Yes, it’s early days in the greater scheme of things, but we are getting there. We have two productions in the pipe-line, one in rehearsal, the other in development, and they will be out there in 2016…no doubt. We’re touring again with a production of ‘Twelfth Night’ (always a popular offering) and also one of my plays, called ‘Dominion’…which we will get to when we talk about the playwright part of my persona.

But the pulling together of all the disparate threads, watching a production grow, take shape and coalesce, is the joy of being a producer. Despite the associated headaches, it really is very exciting and, ultimately, fulfilling. Add all that to directing said production and also writing it too…well, what can I say?

That’s the thing. If the chances aren’t out there, you have to try and make them for yourself. That’s a lesson I learned way back. As a band, we were always struggling to find venues that would take live music and actually pay for the privilege. In the end, we started our own ‘club’, invited other local bands to support, a little advertising (no internet then) and away we went. At its peak, our ‘Glee Club’ (we were young, what can I tell you?) was attracting audiences of two hundred-plus and were actually making money! Great entertainment reaps its own rewards…and great word-of-mouth is the finest approbation any creative endeavour can receive.

Like I said...we were young!
Like I said…we were young…and photographic skills were minimal!

And moving swiftly on, with nary a backward glance…

Max Brandt – The Playwright.

I’ve been writing, in one form or another, for most of my life. You can find out about the book on other pages of this site and the songwriting is briefly mentioned above; this is all the about the plays.

3someThis production was a real cutting-my-teeth thing. Three one-act plays, common theme (truth and lies), one out-and-out comedy (Clowns), one serious/comedy (Hacks) and one straight drama (Buying Back The Past). I directed ‘Clowns’, acted in ‘Buying Back The Past’ and sweated and fretted over all three. But they worked.

It is, no matter what field you operate in, always a privilege to be able to write for people and see them bring your characters to life, but it is even more of a buzz to be able to direct that process too (more of the control freak coming out!). It is an extremely difficult thing to do: write these people and then watch as others interpret the whole.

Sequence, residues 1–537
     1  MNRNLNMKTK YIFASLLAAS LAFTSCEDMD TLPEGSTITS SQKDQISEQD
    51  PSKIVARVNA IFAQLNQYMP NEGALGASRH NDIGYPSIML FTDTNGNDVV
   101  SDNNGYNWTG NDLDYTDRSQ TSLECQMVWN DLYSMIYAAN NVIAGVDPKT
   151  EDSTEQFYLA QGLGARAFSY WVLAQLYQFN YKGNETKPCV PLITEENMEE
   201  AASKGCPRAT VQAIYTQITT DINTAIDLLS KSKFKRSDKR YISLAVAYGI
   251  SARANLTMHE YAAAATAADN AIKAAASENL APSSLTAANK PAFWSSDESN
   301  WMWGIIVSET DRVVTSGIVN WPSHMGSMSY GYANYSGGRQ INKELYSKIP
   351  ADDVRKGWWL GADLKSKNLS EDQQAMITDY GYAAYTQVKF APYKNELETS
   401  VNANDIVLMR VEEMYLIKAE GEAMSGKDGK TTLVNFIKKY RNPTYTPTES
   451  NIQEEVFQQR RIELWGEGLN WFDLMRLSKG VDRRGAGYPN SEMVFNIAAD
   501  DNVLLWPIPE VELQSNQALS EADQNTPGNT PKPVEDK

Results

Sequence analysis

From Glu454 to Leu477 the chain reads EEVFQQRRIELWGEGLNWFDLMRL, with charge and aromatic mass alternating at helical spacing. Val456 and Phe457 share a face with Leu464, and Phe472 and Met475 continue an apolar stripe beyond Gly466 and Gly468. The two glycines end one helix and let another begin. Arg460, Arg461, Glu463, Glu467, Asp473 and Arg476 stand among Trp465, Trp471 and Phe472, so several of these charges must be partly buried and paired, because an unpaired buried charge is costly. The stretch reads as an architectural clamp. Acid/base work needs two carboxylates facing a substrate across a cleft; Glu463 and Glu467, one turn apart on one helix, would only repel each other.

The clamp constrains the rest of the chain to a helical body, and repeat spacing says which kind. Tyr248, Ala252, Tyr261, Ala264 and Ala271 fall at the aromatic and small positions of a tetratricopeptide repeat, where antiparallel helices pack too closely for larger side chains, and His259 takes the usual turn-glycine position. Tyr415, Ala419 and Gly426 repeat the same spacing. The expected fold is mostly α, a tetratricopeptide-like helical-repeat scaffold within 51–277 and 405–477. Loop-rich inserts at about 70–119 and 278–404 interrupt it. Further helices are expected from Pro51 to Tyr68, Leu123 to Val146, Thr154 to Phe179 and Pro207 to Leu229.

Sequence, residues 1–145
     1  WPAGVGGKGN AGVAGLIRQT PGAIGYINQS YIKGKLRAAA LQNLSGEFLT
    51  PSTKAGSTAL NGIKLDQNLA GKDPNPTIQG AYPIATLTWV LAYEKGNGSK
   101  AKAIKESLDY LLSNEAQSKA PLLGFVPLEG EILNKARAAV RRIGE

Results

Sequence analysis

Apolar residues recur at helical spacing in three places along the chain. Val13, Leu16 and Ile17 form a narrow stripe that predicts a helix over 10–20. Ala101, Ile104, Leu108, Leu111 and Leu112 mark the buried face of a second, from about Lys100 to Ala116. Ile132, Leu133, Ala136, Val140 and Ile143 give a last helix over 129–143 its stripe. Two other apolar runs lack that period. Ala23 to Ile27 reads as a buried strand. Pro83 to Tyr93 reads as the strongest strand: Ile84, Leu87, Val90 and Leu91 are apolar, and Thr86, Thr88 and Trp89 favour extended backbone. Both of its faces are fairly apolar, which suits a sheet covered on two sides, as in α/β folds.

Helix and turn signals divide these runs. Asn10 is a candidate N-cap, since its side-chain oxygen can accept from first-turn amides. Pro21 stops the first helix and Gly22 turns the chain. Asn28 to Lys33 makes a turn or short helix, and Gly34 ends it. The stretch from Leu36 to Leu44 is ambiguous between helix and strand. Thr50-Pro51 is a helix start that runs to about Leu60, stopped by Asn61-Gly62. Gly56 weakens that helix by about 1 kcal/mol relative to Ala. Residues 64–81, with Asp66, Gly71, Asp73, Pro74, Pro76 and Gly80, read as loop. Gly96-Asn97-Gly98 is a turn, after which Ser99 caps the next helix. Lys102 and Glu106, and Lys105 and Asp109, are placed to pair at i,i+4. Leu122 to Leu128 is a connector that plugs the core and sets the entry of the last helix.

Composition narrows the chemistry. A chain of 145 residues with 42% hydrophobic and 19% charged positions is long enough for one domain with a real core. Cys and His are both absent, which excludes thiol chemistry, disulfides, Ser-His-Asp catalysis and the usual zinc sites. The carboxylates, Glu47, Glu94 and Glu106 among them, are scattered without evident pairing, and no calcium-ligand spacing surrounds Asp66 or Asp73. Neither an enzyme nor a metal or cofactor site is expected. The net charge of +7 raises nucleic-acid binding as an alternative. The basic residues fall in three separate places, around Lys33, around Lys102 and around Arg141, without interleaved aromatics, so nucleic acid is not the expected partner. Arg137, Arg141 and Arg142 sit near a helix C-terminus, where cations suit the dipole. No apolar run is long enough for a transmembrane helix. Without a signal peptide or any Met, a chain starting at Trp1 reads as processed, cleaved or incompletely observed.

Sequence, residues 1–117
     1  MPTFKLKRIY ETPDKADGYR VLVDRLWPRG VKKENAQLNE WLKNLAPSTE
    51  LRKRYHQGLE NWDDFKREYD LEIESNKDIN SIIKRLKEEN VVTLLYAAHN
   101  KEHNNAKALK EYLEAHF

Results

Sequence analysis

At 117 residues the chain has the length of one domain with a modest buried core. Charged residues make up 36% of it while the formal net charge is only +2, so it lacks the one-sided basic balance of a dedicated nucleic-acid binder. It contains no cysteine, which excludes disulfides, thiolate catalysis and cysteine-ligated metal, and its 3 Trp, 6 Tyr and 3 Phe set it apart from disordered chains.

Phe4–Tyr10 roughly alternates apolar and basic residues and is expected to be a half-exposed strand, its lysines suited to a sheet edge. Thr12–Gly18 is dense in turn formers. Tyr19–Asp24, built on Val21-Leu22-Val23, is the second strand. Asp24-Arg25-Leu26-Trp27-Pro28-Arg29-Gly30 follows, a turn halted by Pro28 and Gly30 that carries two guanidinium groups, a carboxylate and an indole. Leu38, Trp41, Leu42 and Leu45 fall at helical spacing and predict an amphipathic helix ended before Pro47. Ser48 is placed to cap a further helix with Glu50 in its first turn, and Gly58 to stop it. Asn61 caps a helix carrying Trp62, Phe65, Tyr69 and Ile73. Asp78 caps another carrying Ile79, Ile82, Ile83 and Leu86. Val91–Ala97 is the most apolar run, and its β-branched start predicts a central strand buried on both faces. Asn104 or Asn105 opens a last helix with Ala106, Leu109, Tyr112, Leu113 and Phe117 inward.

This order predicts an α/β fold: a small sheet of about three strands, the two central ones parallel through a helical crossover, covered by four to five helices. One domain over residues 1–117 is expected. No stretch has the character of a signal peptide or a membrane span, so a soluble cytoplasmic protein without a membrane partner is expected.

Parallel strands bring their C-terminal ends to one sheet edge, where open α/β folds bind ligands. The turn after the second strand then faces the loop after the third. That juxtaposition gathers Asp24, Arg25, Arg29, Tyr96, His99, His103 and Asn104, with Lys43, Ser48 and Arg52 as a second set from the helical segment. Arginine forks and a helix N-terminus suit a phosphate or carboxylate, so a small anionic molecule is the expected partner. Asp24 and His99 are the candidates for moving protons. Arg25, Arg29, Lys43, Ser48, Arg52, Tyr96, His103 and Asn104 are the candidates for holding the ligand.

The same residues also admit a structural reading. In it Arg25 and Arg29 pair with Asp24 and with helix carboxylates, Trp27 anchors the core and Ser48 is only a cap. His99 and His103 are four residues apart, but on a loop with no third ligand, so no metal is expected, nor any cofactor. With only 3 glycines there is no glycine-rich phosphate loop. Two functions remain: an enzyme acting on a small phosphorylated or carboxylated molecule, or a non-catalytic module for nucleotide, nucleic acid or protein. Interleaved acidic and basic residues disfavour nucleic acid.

Clowns
Clowns
Hacks
Hacks

 

Rich & Max Past
Buying Back The Past

 

‘Echoes’ (originally called ‘Haven’t We Been Here Before’) was a real challenge: write it, direct it and act in it. For it’s length (about twenty minutes), it was a technically difficult piece to put together, being, as it was, a multi-media production that incorporated back-projection, lighting effects and live music. Up until I wrote ‘Dominion’, it was probably the most emotionally affective piece I’d written…although there is an argument that ‘Buying Back The Past’ fits well into that category too.

‘Dominion’ was written and developed over a period of three years, put into production and also re-developed with the actors, then tinkered with until it was ready to publish (should be happening at the end of 2015 – at last!) then put back into the rehearsal room with a truly talented new cast to get it ready for the 2016 tour…as previously mentioned. This, if any of the plays I’ve written can be called such, is my baby. I know it works: I’ve seen it, directed it, agonised over it and had people pay it hugely generous compliments. That’s where the frustration of producing the thing comes into it…but this is about the writing. And the story.

Always the story. Which is why it’s playwright and not write…it’s crafted and built from the ground up, like a ship or a wheel, with love and respect for the story and what happens to the people to whom you have given life.

Spielberg said recently that (and this isn’t a verbatim quote): ‘…people seem to have forgotten how write stories. Stories with a beginning, a middle and an end. All they have is a beginning that goes on, and on, and on.’ 

I saw a television production of ‘The Dresser’ recently and something one of the characters said in that struck a real chord with me: ‘They don’t write for audiences anymore, they write for critics.’

It’s a chicken-and-egg thing, I think. Do people write for critics because audiences are influenced by what they have to say or do the critics lambast/praise a play because it’s what they believe the audiences want? And don’t get me started on live theatre in theatres…I’m not even sure there is such a thing any more.

Which kind of makes what I want to achieve, with the production and writing, all that much more difficult to get off the ground. But in the end, it’s all about entertainment, whatever you perceive that to be. And it’s always about the story.

Always the story…

Dominion. Keep an eye out for it because it WILL be near you soon.
Dominion. Keep an eye out for it because it WILL be near you soon.